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Eight Questions for Churches at a Life and Death Cultural Crossroads

One of our core values at Grace Hills is, “We stay fast, fluid, and flexible. There are no sacred cows. We embrace the pain of change for the win of seeing more people meeting Jesus.” I wrote that one knowing that of all of our other core values, it would probably be the hardest to honor over the long haul. It addresses the crossroads where theology meets psychology, where truth, mission, and fear intermingle. Change is hard.

The American evangelical church is in a rather desperate condition. You’ve heard that America is a “Christian” nation and that Christianity is dominant. Perhaps it’s the popular religion, but far fewer people are attending church than we realize. And we’re only planting one fourth of the number of new churches needed to keep pace with America’s current population growth and rate of decline in existing churches.

So churches absolutely must change and adapt if they will remain relevant to the culture. I realize many Christian leaders don’t like that terminology, so let me clarify that God’s Word, the gospel, Jesus, and the church as Jesus intended it to be have always been, are now, and always will be relevant without our help. But we often hold onto extra-biblical traditions and ideas that severely limit our ability to communicate with a young generation, an influx of immigrants, and a culture being shaped by its technology and entertainment more than its religious and historical roots. In other words, if Satan’s goal is to blind the minds of those who don’t know Christ to the gospel, we often help by handing out blinders such as inauthenticity, racism, ethno-centrism, traditionalism, and political power struggles driven by fear and selfishness.

But if God’s desire to enlarge His family matters… if people who are lost forever without the gospel matter… and if the church of the future matters… we will embrace the pain of change for the win of seeing more people meeting Jesus.

I don’t have all the answers, but I think I have a few, and they are rooted in my understanding of the gospel’s effect on a community and my experience interacting with thousands of pastors and churches in the last few years. As I look at the landscape of stable or slightly declining existing churches who are fighting hard to stay afloat in the current of a rapidly changing culture, I see some common factors that must be addressed by church leaders. Here are some tough questions I believe every church ought to honestly ask:

  • Are we really all about Jesus? Is He the head? Does He have preeminence? Are we clear with people that it is to Jesus, and not to a consumer-oriented experience that we are inviting them? Attraction is good. Jesus was attractive. But are we honest about to Whom we are inviting people?
  • Will we hold tightly to our historical, biblical theology? Will biblical inerrancy, which has survived a tough struggle in some circles, continue to thrive among evangelical leaders? Will we be faithful to the word of Him who is the one and only Way, Truth, and Life?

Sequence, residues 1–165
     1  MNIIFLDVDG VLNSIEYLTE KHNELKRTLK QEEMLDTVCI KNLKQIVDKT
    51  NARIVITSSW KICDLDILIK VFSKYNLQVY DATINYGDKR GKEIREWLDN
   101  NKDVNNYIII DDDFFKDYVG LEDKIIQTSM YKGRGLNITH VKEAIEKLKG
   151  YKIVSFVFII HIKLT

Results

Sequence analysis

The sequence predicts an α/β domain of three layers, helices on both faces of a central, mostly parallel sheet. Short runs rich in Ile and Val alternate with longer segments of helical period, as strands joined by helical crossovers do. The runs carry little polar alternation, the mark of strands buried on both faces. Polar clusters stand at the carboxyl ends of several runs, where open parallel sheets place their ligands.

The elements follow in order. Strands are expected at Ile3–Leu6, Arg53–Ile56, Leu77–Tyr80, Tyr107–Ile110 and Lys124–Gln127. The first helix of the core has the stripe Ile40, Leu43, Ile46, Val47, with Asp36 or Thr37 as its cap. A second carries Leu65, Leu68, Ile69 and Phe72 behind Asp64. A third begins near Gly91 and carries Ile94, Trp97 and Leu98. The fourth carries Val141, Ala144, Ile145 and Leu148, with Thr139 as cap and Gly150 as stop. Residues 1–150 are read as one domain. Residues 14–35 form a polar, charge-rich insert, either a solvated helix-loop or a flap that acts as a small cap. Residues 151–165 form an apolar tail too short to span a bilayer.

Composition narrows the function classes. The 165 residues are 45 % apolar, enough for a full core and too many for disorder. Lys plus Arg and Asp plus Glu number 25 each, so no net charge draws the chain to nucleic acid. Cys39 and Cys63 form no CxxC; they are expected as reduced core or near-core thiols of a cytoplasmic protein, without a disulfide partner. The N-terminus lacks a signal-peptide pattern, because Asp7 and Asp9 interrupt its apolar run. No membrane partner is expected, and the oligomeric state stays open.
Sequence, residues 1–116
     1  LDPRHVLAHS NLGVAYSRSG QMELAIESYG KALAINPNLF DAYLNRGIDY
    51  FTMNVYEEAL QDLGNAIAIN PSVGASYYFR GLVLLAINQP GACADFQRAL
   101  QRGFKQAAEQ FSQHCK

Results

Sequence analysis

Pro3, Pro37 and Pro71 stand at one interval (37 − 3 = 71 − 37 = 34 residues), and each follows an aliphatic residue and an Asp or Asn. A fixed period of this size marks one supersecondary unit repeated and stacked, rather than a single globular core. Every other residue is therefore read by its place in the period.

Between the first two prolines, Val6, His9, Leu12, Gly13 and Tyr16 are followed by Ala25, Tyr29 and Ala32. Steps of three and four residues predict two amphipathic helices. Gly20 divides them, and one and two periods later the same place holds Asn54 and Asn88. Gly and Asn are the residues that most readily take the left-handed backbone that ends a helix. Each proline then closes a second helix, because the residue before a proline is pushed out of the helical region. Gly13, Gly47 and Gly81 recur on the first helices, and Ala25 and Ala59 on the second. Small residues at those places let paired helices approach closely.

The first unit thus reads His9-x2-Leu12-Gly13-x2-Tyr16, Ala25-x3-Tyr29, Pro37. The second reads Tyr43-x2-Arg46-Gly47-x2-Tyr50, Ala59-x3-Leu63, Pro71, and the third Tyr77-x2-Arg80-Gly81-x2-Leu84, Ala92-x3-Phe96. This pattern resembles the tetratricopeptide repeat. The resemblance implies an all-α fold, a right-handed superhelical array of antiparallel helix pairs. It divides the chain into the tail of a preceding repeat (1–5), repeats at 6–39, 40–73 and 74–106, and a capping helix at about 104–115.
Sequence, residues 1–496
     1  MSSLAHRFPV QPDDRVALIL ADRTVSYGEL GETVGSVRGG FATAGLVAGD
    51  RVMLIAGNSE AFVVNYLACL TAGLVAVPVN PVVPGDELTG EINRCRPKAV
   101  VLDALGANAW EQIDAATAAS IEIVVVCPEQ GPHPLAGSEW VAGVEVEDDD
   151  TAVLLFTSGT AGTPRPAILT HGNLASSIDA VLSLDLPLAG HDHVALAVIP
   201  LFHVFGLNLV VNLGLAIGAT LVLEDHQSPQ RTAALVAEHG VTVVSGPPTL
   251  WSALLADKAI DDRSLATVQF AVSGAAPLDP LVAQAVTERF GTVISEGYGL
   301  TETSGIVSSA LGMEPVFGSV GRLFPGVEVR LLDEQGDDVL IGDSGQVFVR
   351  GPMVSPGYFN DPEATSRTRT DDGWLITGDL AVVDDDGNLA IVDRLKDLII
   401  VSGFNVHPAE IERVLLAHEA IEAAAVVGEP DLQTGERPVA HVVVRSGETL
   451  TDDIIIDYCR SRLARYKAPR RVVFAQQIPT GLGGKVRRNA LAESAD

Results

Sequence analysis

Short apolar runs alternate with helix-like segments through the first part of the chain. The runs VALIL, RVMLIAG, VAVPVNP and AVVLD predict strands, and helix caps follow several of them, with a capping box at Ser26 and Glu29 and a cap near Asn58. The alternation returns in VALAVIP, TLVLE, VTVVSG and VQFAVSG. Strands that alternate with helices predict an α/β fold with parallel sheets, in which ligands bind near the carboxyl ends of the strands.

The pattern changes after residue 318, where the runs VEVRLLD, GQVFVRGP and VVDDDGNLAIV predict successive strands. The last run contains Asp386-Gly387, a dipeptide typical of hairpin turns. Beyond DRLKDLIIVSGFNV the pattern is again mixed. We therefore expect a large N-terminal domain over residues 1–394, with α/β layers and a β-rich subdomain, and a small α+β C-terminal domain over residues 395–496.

• Will we place our need to control, which is based on fear, on the altar as a sacrifice and begin to rely on the Holy Spirit? Will we trust His under-shepherds without the red tape of boards, committees, and votes? Will we listen to Hebrews 13:17?
  • Will we embrace people from other cultures and backgrounds? Will we finally put to death the idea of the “white church,” “black church,” “hispanic church,” etc.? Can we value our cultural heritage without the competitive idea that my culture is better than your culture?
  • Will we create a safe place for people to deal with their hurts, habits, and hang-ups in the light of the gospel? Can we ever assure people that we won’t use their past against them and handcuff them to their shame?
  • Can we grow up and get over our demand for our own preferences to be met? Will we be able to adapt our communication to the language of humanity instead of church-ese? Will we welcome newcomers with love and wisdom, and listen and learn from them rather than leaving the responsibility of adaptation to them?
  • Will we make prayer and submission to God the priority over polished productions and performances?
  • Will we take risks, spend money, change names, re-constitute, re-launch, help the new church plant down the street, and venture into new mission fields by faith rather than remaining safe and comfortable? Not all of these apply to everyone, of course, but will we take the necessary risks?

More than ever, we need to keep our passion hot for Jesus, His truth, His church, new churches, new mission fields, unreached people, uninvolved believers, unforgiven sinners, the least, the last, and the lost. Pretty much everything else can be left behind.

Any tough questions you would add? Or how are you wrestling with these and similar issues?

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  • http://www.scripturesfromthebible.org/ Gretchen Eula del Socorro

    The world has been constantly changing and the Church has done a good job adapting to the new world. I believe the Church has become a lot stronger overtime. Now, the Church has also been able to utilize social media. A good percentage of the world’s population are connected through this medium. While the more traditional ways remain and continue to be a valued method.